I fondly remember studying in the wood paneled library in Couzens, with the leather chairs there, and also in the Medical school. I loved the Graduate library for “the stacks,” and the reading room with the heavy wood tables and lamps and subdued lighting. Oftentimes, I would put my head down and take a little nap and help clear out the clutter in my head before tackling more studies. I was glad to find this place, since the undergraduate library was one big party palace by comparison, and after trying to study there for two weeks I knew that was not going to work out!! So, I moved next door to the grad library and to this day, it remains an integral part of my memories of the U-M.
During the summers it was quite nice and much quieter on campus, so you almost felt like you had it to yourself!!
I really felt it was nice to come home to the dorms and feel that someone was looking out for our safety. Even at Markley Hall during my first 2 dorm years.
The Flip Side - the 80s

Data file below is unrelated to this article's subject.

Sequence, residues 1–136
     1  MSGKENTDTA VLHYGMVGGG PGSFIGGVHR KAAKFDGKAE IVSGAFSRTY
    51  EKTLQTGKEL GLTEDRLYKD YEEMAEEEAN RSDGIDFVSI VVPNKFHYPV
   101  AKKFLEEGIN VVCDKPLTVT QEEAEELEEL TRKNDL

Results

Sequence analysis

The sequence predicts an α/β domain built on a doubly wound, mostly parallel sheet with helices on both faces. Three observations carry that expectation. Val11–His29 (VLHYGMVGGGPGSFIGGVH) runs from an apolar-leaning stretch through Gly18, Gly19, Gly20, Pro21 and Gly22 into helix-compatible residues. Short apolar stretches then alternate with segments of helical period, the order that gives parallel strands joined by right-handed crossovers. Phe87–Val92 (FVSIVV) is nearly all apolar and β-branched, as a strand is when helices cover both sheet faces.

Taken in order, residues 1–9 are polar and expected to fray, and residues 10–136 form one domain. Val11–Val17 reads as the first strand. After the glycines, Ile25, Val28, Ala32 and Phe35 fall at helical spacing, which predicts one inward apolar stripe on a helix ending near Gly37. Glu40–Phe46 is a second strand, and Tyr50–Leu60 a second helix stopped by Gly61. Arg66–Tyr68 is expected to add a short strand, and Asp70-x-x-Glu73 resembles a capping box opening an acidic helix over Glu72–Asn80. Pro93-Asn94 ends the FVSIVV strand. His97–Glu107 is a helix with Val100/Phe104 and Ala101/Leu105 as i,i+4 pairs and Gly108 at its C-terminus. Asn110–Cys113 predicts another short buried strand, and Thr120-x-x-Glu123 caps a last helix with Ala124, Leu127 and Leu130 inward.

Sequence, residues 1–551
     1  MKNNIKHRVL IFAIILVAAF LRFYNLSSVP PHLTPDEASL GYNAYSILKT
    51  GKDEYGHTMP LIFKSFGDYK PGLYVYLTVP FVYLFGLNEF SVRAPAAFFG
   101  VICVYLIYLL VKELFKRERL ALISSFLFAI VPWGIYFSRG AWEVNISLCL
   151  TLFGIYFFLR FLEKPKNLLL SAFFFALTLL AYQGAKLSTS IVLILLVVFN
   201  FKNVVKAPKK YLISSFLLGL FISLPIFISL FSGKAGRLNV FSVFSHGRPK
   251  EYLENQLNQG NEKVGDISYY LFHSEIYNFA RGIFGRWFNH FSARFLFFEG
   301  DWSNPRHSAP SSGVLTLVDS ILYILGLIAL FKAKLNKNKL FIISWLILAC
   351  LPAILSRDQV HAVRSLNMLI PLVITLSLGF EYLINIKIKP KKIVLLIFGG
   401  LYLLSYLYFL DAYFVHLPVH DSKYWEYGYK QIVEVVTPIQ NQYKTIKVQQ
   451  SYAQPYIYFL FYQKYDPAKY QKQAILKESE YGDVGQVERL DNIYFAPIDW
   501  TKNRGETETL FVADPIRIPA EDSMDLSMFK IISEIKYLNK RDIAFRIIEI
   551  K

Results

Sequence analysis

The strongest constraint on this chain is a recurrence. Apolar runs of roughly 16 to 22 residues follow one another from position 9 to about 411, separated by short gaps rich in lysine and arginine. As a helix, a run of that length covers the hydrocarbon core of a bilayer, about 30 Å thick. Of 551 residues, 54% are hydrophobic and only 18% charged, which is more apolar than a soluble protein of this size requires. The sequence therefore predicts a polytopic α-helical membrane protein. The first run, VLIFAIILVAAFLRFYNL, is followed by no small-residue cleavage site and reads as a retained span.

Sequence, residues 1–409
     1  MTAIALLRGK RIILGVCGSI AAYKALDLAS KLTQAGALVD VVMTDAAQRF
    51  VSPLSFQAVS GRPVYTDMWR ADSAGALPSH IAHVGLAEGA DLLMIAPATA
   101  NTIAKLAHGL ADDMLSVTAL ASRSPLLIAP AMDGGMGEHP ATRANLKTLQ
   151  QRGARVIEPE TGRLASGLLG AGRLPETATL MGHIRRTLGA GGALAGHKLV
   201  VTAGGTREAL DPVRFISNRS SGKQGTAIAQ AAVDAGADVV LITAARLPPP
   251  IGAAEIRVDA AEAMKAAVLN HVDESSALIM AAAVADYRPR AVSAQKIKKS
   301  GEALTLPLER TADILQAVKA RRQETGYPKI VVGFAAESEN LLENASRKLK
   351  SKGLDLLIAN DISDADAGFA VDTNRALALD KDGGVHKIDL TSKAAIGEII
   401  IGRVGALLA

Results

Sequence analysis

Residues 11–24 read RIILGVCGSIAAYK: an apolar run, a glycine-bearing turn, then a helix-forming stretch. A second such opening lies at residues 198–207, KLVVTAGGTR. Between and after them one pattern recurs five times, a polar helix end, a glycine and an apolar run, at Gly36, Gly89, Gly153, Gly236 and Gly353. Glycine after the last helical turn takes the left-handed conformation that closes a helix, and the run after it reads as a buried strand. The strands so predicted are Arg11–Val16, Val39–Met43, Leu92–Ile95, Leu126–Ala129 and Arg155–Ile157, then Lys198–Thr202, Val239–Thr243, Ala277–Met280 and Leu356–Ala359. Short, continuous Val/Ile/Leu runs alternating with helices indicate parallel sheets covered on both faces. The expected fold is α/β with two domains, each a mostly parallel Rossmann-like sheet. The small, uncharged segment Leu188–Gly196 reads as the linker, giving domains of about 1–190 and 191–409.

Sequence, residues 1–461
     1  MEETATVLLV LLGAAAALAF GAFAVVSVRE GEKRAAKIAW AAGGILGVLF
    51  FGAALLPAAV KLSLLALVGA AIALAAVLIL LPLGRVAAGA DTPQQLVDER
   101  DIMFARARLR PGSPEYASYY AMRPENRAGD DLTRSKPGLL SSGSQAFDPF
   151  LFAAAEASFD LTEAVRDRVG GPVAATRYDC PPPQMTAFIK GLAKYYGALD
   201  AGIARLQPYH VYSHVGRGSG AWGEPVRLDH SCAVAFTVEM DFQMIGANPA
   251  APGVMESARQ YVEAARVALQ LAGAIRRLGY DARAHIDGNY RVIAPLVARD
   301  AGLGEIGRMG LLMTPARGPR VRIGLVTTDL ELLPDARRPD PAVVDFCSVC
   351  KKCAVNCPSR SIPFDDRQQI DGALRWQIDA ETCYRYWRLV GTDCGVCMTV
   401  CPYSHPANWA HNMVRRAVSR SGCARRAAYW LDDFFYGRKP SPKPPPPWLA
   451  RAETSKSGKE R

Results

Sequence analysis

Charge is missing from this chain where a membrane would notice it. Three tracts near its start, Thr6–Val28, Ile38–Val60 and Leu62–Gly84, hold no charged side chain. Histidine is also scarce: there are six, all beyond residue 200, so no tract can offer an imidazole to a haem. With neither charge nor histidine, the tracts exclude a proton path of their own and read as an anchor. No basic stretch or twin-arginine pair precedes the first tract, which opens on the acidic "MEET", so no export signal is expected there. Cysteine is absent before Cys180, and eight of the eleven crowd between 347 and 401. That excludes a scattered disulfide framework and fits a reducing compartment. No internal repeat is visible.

As a second generation Michigan graduate I grew up hearing about the Michigan of the 50s â€“ housemothers, strict rules about visitation, and silly panty raids (The day in loco parentis died, Nov 2007). My years were a definite contrast. When I arrived on campus in 1983, there was 24/7 visitation, the norm was sexual promiscuity including frequent overnight co-habitation, smoking in the dorm hallways, and rampant alcohol abuse. Given that I had never experienced any of these conditions prior to my arrival, although growing up in Ann Arbor my entire childhood, I know I would have been less inclined to experiment with these experiences if the rules hadnâ€™t been so lax and the norms what they were.
My parents were somewhat aware of these factors as they sent my sister and I to U-M, but they hoped for the best and did not discuss their concerns with us. I am concerned about sending my own children into these conditions because I know the peer pressures that await them. Iâ€™m aware of how lucky I was that there was no lasting damage to me, only some regrets. I, however, will not hesitate to discuss the influences that are present in college life with my sons.
I just sat down to read through Michigan Today, one of my montly rituals. The headline: The day in loco parentis died. A little bit of a history buff, especially if it involves my alma mater, I proceeded. I was sitting at University Hospital in my Dad’s hospital room. My Dad, a grad from the Pharmacy program in 1961 was in the hospital for a kidney transplant. My brother, also a nursing graduate in 1991 (I think), was his donor.